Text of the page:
Soccer Briefs -- Nothing earthshaking here, but the New York Times had some interesting tidbits: 1) D.C. United fan favorite, Dema Kovalenko, is about to ink with the New York Red Bulls. Personally, I love to watch Dema play, and I loved the call on United's Spanish-language radio broadcasts, when Dema scored (Deeema, Deema, Deema, Demaaaaa Koovalennnnko!). I'll miss that. And members of D.C. United's supporters sections (Barra Brava and the Screaming Eagles) will be heartbroken to see Dema suit up in the hated Red Bulls' kits.
2) In a prior post, I suggested that the MLS would do well to move the Kansas City Wizards, rather than add teams to fulfill the league's ambitious growth plans. It seems the local soccer lords have seen the sense of it themselves. Odds are that the Wizards will be relocated to the Philadelphia suburbs. MLS has previously disclosed the league is working on a stadium deal with Rowan University in Glassboro, NJ stadium, with the major hold-up being owners willing to ink the deal. Personally, I've wondered about whether a team located there will really have the needed broad appeal to Philadelphia-area fans. Presumably, the MLS has crunched the numbers and done the opinion surveys...?
3) The Times also reported that Chelsea Manager José Mourinho was asked about the possibility of an American playing for the Premier League champs. “Chelsea is about the best players in the world, and I am thinking that at this moment the U.S. does not have players of this level,” Mourinho said. “You have good players, but not stars. I can understand why Brian McBride is in the E.P.L., he is good enough. I believe the game is improving in the U.S., but I think more important than having a player in Chelsea for American football is to have improvements in your own league.” Mourinho's comments can be found on the Times website (http://www.nytimes.com/) at 2006/08/02/sports/soccer/02soccer.html
Mourinho's comments are right on target. In my post about Tuesday night's United game, I observed that D.C. United's Argentine striker, Christian Gomez, is the finest player in the MLS this year. In fact, I'd say that Gomez was the league's top player last year, as well, but he was overlooked nationally, because the Landon Donovan hype machine was working in overdrive then. Yet, Gomez is not even considered for his national side. The fact that he is the top player in the MLS speaks volumes about the dearth of talent in our little league.
Yes, the occasional American player, such as McBride, does show enough ability to interest European sides. But we should be more concerned about raising the overall level of play here, instead of worrying if there's one American, skilled enough to play for one of the E.P.L.' s top sides. One observation that seems apropos in light of the current heat wave: The league powers seem to be hinting at the prospect that the MLS will soon shift to the international schedule, taking the summer months off. I think the level of play and, most importantly, the pace of play will be much improved by giving up playing in the stifling heat of July and August.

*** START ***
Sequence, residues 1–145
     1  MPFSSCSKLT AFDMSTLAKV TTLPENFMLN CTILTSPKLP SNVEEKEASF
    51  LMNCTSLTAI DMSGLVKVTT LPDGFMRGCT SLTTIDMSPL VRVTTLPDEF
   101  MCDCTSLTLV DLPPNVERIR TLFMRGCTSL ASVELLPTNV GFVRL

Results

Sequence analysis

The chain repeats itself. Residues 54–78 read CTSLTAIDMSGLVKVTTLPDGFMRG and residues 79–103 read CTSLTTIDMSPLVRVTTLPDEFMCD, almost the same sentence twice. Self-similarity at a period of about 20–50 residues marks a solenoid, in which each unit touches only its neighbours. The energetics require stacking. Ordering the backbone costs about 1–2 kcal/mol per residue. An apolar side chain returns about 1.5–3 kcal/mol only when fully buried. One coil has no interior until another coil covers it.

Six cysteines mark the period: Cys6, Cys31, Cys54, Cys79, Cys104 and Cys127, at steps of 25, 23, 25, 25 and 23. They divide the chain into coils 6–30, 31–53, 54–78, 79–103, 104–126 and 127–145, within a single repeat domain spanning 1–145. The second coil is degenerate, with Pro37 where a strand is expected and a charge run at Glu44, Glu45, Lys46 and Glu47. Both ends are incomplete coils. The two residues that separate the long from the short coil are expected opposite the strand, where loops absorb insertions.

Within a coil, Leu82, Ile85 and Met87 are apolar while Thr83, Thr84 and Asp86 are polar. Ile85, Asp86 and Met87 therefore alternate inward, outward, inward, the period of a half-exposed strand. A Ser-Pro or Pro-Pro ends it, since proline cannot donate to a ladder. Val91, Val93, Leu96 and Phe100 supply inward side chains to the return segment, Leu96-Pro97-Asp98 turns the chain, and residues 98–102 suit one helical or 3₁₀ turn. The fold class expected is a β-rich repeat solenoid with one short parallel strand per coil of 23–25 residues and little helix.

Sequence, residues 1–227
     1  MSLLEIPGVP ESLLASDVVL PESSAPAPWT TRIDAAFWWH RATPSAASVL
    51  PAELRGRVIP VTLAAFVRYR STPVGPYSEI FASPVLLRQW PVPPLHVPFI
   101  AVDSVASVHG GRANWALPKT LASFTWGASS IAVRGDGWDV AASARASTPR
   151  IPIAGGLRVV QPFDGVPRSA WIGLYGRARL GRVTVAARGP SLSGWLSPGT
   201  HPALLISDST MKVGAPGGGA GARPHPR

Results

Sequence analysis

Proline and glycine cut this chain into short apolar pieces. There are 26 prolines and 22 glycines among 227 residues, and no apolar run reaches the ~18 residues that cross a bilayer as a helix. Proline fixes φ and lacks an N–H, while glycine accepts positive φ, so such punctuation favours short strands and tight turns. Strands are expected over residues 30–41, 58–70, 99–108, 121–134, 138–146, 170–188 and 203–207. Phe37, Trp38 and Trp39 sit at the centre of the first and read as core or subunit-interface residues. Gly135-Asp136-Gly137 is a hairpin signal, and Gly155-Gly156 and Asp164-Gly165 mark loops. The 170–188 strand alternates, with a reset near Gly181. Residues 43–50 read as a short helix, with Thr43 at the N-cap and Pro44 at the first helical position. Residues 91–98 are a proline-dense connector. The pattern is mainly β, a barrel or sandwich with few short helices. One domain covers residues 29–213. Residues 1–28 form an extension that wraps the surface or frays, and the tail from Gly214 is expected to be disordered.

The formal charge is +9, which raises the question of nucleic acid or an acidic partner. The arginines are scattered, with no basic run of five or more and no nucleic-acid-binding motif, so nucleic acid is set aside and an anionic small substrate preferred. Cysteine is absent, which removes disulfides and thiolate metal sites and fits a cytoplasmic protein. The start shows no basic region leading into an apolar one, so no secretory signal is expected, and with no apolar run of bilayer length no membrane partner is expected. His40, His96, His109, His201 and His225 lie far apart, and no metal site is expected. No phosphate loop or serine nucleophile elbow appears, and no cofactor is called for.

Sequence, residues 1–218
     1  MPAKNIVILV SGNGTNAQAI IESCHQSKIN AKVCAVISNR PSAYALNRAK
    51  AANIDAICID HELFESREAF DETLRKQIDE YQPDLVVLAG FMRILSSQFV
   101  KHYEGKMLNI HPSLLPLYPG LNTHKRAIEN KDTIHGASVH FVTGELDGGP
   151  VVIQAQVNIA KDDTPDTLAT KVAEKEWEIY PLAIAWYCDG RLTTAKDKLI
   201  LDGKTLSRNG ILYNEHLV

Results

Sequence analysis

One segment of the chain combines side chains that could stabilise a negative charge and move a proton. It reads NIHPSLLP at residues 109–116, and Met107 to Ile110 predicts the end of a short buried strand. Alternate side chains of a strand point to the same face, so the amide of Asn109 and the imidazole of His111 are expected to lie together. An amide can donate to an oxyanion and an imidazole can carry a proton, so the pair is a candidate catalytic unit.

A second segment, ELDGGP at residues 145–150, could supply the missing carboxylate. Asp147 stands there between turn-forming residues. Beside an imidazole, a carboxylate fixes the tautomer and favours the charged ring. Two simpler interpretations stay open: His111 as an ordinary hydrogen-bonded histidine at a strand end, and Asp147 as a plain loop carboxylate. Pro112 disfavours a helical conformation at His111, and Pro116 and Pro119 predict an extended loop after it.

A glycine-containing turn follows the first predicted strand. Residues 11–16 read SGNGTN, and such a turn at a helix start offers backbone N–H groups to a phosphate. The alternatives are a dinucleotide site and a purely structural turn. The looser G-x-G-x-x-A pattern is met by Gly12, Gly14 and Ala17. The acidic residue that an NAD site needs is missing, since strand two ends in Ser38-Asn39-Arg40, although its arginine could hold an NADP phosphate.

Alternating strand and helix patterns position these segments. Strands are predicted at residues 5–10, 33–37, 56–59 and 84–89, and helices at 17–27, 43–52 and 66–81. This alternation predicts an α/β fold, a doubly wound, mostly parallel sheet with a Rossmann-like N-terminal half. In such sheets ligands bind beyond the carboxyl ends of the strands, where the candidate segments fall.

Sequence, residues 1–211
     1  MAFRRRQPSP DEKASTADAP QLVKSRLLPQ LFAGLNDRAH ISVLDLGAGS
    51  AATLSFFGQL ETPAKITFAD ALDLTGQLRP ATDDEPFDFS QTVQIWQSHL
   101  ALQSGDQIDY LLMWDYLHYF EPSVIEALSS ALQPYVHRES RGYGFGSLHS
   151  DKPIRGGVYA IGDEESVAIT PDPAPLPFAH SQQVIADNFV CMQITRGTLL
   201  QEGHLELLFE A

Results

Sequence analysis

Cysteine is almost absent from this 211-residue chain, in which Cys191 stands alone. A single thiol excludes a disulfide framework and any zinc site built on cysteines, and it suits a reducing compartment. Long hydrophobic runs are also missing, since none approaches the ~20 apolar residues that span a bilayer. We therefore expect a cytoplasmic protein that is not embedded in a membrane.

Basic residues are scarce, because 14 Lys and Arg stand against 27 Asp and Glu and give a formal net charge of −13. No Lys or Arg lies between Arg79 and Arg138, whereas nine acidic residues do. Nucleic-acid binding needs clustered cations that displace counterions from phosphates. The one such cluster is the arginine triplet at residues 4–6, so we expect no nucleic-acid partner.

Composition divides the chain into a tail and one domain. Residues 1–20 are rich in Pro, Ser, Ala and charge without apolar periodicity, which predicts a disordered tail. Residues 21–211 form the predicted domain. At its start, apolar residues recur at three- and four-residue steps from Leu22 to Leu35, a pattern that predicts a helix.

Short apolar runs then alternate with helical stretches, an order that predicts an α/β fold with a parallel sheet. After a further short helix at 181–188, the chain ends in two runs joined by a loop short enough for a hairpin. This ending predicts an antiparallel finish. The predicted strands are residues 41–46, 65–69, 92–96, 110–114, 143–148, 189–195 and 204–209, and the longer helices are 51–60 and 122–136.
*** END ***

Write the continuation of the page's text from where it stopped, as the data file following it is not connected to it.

This change would do more to speed the development of American players than anything else. As they get used to playing at faster speeds, they will be more able to compete against Europe-based players. Personally, I doubt this change will happen before the 2010 season. It's a Cup year, and I do think it likely the league may make the move then. Yet, the league may prefer to take advantage of the quadrennial attention to soccer by having a full schedule ready to go, on the heels of the 2010 World Cup.
Speaking of the 2010 Cup, did I mention that the Guardian (U.K.) is reporting that the lords of soccer (the members of FIFA's board of governors) do not believe that South Africa will be ready on time to put on the Cup? In 1984, FIFA voted to take the upcoming (1986) Cup away from Brazil due to similar fears. The honor of hosting the '86 Cup then fell to Mexico, instead. Mexico was deemed ready because the country had hosted the 1970 tournament, and most of the facilities were already in place.
According to the Guardian, the rumor mill is already cranking out hints that FIFA members are considering switching the 2010 Cup to the United States. Dare we dream? Unlike 1994, we wouldn't just be good hosts, with nice, big stadiums. In 2010, we'd have a bunch of serious soccer (O.K. -- football) fans, ready to go crazy themselves.